At Switzer we’ve developed a hiring process that runs really well. After thought and team involvement on what the new position requires, we put an ad up on SEEK. And yes, we get inundated with applications.
Except for those businesses using recruiters, that’s what most people do, I guess. But here’s where are our hiring process differs.
One of our team goes through these applications and short lists anywhere between 10 to 15 applicants (depending on the response). This is done purely on the quality of the written application. But how often can you be disappointed between what’s on paper and what you see and hear in the first interview!
So we invite all these ‘short-listed’ people into Switzer one evening for what we call a hiring seminar. The attendees get to see us and we get to meet them in the flesh. As many of our staff as possible stay back to be involved in this process – after all, they’re going to work closely with this new person so this gives them a say in the hiring process.
There’s a 10-minute talk by a senior person at Switzer about our values and culture, then each person is invited to a 3-minute fast-paced one-on-one interview with two Switzer staff, where three rapid-fire questions are asked. On completion, the interviewee can rejoin the group in one of our large meeting rooms, where others in our team are talking about the role, what it’s like to work for our company etc. The applicants are told they can freely ask questions from our staff, or if they don’t feel that our company and the role suits them, they can leave. To date, no one has ever left.
The process takes about an hour.
After all candidates have departed, our staff get together briefly to compare notes. Almost to a person, there’s unity on the three people selected to be asked back for a more in-depth interview.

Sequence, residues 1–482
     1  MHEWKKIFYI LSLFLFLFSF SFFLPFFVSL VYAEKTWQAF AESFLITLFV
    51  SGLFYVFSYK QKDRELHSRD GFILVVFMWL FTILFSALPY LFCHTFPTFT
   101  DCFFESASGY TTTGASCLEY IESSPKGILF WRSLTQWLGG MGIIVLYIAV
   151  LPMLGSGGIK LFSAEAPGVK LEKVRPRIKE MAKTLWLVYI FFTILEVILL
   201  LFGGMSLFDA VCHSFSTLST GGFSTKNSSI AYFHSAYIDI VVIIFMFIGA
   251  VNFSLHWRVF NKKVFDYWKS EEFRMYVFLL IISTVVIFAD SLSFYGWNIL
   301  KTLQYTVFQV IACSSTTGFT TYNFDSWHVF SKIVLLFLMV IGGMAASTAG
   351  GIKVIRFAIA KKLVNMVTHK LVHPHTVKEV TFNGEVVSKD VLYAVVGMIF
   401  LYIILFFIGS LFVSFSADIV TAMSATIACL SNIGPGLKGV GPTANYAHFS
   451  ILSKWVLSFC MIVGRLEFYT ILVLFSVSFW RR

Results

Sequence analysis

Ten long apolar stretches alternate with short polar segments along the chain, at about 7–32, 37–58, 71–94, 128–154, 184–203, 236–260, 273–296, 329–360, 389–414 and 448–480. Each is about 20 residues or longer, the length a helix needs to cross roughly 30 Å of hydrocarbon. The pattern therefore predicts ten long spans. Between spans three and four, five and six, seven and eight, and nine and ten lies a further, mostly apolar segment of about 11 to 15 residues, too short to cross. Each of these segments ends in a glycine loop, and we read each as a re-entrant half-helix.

This process has never failed us.
A few weeks back, we started the process. A tailored ad went up on SEEK. After the initial cull, this time I was sifting through some of the remaining applications. The role was in editorial, which is my beat so I was interested to see the mix of candidates.
While reading through one, I was quite impressed with her skills but she’d clearly stated that she was running two businesses. I thought for a while, considering whether it was wise to potentially have someone on staff who could be diverted from her 9-to-5 job with these side businesses. I decided to email this applicant and put her to the test. If she replied saying that the businesses were purely a blog or a hobby, or that she even intended to close them down, then I would’ve asked her to come in for an interview. So I typed the following email:
“Hello Libby and thank you for your application. As this is a full-time role for someone who wants a career here at Switzer, we aren’t looking for anyone who has their own business. Kind regards. Maureen”
I was hoping that her reply might be “I do want a full-time role, Maureen, and I am interested in this position. I’d be interested in meeting you.”
Perhaps I could have gone into more detail with my email to her but from my experience, even getting a reply for an employer on SEEK is unusual. Most people only reply to those few applicants from whom they want more information and that’s what I was doing. What came back was something I didn’t expect:
“Wow that’s patronising and presumptuous. I wouldn’t want to work for such a nasty little bitch, who jumps to conclusions anyway. Good luck finding a robot to work for you.”
And then another email followed two minutes after:
“And just to be clear, I don’t care if you don’t want someone who has side things but you didn’t even ask questions about it, and you were unnecessarily rude.”
Mmmm…me, a nasty little bitch? And me rude?
As employers, we put ourselves out there and quite often we hire people who are ‘oh so wonderful’ in the interview process but after a grace period, they can turn out to be the employee from hell. And yes, an employer can be a monster too, but the employee has the option of just walking out the door. The bad hire becomes a headache to an employer and to the team, and it takes warnings through a draconian dismissal process to remove a piece of work from a business.
Aren’t I glad that this one showed me her true colours right from the start! I hate the word ‘bitch’ which is even worse when you add nasty and little to it. However, she did me a favour. I think I just avoided a potential disaster.